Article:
I don’t know that I have a favorite subject that I teach, but my favorite classes are the one’s where students are interactive, motivated, and want to learn and–sometimes that happens in one class and sometimes it doesn’t. For me, what makes teaching fun is when you have students that want to learn, and that can happen in any subject.

Last question–we’ve asked everyone! Living in Lawrence, what is your favorite thing? 

The people. It is a friendly, communal place. Growing up in Detroit, then living in Chicago, and then Louisville- this was the first smallish town that I lived in. You definitely get that sense of community.

Thanks to Dr. Harris for sitting down with us this month! We will be cheering on the Jayhawks at they travel to Wichita, KS for CEDA Nationals and Iowa City, IA for the NDT in the next few weeks. 


Department Spotlight for February: Ben Compton

Ben Compton

Our February spotlight is on new graduate student, Ben Compton. Ben comes to KU after completing his B.A. in Communication Studies at the University of San Diego. Ben received the Graduate Studies Fellowship first year student award, awarded to the Communication Studies department for the first time this last year. Read more about him below!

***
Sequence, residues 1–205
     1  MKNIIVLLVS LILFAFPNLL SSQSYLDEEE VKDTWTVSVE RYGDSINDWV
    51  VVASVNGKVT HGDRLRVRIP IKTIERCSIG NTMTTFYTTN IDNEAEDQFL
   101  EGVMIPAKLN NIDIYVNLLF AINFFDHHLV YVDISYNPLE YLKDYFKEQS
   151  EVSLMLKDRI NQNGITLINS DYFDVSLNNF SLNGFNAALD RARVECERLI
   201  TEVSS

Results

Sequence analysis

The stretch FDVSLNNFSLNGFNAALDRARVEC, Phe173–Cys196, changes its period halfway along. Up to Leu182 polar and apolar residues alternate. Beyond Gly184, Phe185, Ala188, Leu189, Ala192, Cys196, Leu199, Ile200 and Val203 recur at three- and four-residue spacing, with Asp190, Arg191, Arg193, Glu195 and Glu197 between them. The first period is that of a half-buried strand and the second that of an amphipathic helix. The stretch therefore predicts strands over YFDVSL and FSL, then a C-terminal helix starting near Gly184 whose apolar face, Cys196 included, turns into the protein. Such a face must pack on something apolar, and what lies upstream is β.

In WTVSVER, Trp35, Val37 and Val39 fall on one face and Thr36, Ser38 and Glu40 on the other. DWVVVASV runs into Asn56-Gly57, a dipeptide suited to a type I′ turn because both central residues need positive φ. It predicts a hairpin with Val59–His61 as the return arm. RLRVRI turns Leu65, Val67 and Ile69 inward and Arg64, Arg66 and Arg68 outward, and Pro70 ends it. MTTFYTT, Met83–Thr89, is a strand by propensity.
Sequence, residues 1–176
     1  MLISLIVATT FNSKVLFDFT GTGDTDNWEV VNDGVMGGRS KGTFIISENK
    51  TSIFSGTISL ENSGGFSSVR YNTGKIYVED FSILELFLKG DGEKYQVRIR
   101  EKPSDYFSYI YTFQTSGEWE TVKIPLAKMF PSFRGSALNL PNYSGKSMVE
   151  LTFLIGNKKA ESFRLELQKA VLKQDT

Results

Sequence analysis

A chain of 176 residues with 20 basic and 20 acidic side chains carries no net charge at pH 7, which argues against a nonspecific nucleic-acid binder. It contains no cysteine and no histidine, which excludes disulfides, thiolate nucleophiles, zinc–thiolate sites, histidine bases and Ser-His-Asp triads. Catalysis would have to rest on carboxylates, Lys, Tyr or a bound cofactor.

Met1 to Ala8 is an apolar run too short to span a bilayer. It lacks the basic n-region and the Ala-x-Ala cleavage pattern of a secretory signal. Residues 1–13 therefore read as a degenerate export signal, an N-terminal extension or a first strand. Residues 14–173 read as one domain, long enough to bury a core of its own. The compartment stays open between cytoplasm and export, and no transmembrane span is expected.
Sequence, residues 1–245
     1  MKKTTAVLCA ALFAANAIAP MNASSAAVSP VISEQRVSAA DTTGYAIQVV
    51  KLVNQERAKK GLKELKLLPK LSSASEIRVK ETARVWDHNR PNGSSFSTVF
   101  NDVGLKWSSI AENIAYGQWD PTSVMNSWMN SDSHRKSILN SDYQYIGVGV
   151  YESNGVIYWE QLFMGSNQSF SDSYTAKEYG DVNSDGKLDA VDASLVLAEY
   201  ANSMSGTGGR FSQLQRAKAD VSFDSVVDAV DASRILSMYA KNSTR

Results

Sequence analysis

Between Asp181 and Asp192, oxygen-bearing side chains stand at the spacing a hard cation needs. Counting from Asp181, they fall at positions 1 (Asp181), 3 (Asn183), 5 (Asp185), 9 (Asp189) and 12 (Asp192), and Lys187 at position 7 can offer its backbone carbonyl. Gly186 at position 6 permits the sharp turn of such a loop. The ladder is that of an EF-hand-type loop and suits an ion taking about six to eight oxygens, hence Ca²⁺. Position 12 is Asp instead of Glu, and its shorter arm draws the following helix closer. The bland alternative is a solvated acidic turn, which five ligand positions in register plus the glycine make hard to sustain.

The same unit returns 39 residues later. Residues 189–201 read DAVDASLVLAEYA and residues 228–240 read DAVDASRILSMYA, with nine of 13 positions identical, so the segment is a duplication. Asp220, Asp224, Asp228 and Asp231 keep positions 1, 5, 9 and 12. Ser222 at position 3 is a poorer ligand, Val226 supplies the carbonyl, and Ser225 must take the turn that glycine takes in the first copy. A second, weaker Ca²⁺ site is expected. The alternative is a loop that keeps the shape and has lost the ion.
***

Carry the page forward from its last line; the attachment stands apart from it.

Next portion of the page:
Tell us a little about your research interests and plans for while you are at KU: I have always described my research interests as what you and all your closest friends talk about in private: sex, attraction, and all that jazz. But maybe that’s just what my friends talked about! Since being here at KU, I’ve have been working primarily with Dr. Hall on research focused around attraction. I am also working on some projects of my own with professors at the University of San Diego about various topics like cheating and homophobia. As a new KU masters student, I am just trying to soak up as much knowledge as I can from the established professors here!